Monday, July 2, 2012

Achieving "Old as Dirt"

My Magdalena lollipop bouquet is coming along and is close to being finished.  I have hooked quite a bit since last Tuesday's Maggie's Girls meeting.  Even though I'm retired, it is hard for me to find lots of free time for hooking, but I did spend some concentrated time on this rug through the weekend.

I have had some mixed feelings about the rug, but I am increasingly feeling better about it and am most happy with my efforts to get an "old as dirt' look.  I think I've said this before, but sometimes I don't like my rug until the final 5 minutes of hooking it.  Or sometimes I don't like a rug until it's bound.  Funny huh?!
As I've mentioned in prior posts, I'm incorporating some alternatives to wool into this rug.  So far my dyeing efforts on plain cotton have failed miserably and I do appreciate several comments I've received on how to improve the dyeing efforts.  But in the end, I'm not sure it's worth the effort to try to dye my own cottons, so store bought quilting fabric seems to be the best alternative.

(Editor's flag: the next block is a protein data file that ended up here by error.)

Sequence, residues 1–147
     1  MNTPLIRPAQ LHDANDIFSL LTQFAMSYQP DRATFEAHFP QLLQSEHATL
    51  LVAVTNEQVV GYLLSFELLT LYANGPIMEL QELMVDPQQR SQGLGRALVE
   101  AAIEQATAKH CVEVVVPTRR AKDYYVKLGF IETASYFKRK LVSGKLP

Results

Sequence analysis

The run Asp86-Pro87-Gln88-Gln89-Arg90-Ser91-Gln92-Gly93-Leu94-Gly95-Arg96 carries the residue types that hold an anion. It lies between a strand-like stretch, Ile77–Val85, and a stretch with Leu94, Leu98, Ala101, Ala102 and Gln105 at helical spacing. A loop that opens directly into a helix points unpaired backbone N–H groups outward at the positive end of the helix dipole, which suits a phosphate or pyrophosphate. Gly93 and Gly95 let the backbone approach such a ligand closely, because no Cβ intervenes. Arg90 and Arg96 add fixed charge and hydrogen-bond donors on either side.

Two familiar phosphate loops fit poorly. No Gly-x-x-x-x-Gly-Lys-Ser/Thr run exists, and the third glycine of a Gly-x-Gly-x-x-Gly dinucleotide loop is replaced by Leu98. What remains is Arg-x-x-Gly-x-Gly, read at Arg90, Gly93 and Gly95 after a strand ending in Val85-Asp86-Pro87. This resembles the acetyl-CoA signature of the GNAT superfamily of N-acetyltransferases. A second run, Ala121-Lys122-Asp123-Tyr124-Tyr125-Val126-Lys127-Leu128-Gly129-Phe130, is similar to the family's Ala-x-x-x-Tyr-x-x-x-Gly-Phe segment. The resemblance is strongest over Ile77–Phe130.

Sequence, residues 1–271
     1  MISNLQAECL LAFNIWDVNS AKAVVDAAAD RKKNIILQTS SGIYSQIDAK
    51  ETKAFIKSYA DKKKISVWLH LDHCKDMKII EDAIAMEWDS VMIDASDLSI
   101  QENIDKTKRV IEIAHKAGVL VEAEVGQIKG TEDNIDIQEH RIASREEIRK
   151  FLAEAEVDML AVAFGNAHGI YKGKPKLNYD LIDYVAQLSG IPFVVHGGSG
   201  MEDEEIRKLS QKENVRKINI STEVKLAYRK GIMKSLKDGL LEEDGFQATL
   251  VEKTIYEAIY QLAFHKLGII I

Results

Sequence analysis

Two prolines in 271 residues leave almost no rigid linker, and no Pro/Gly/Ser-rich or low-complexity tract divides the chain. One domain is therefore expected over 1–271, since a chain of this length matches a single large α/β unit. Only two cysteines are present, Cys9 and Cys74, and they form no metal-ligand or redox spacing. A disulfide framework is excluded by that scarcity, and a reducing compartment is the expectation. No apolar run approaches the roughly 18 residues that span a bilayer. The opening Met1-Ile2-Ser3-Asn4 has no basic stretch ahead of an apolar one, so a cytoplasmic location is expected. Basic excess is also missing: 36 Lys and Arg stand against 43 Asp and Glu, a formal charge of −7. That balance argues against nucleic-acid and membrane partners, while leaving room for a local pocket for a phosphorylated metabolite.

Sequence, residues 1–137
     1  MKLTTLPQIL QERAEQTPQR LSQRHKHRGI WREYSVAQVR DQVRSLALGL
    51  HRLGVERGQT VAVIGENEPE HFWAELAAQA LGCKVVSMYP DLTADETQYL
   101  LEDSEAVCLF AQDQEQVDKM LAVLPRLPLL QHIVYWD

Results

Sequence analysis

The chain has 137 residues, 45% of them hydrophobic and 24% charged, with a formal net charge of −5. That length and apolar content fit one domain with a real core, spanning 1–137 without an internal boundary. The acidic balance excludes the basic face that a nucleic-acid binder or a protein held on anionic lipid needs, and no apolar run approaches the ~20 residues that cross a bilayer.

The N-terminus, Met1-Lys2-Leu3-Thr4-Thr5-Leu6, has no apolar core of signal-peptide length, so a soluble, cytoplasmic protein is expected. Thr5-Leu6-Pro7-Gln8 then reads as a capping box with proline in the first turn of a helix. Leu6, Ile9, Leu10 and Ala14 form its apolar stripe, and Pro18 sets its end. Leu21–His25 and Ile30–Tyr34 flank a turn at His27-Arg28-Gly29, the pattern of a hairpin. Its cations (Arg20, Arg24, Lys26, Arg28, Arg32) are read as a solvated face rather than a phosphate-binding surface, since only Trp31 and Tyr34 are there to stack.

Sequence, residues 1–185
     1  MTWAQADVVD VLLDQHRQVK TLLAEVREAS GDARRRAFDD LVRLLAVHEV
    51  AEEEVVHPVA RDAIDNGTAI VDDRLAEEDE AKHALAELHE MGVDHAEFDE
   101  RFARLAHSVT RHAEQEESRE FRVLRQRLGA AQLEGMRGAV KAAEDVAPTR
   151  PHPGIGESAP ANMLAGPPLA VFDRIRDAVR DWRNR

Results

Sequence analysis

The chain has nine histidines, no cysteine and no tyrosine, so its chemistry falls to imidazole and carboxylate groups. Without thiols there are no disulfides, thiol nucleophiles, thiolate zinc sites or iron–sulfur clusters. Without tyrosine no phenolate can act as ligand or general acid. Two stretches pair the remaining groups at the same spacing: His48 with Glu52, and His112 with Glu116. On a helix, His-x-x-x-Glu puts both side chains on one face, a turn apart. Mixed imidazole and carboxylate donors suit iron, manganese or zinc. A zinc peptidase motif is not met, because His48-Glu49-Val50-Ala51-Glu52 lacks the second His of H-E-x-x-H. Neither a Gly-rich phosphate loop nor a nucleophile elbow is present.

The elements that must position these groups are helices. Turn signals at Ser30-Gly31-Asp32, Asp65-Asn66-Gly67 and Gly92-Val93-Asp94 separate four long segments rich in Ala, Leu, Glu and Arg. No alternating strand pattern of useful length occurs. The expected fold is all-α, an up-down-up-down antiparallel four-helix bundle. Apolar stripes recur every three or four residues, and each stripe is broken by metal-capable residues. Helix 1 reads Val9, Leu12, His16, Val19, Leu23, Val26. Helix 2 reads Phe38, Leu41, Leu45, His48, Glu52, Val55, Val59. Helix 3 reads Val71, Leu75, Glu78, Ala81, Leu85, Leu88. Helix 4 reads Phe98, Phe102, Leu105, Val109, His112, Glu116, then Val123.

Above, I have added some Sari Silk to the rug in a few areas.  It doesn't shine when you see the rug on the whole.  I selected a color that is muted in tone more than bright, as Sari's can be.  
Above, in keeping with olden times when materials on hand were used, I have incorporated a mish-mash of wool selections into the background around the circles.  The wool is all of similar value, so it blends together well.  I believe this type of hooking adds to an old and aged look.  The yellow appears a little brighter in this photo, but it actually blends in well when you see it in person.
Above, here is a closeup of one of the cotton fabrics I've hand torn and hooked into the rug.  I like the tattered look but the strips of cotton are a bugger to hook compared to wool strips.  The antique rugs I own have lots of homespun and cotton fabric in them.  Remember, whatever was on hand was used.  Our fore-mothers were good at being utilitarian in purpose.
Above, another few rows of cotton fabrics hooked among the wool fabrics.
Above, the pinkish tone is the flour sack dish towel I tried to dye rust color.  The cotton only took up a bit of the color, but it has blended nicely with my other background wool selections.  Actually hooking with the dish towel fabric has been my favorite of all the alternatives to wool.
So, now you know most of my secrets!  Are you going to try them too?
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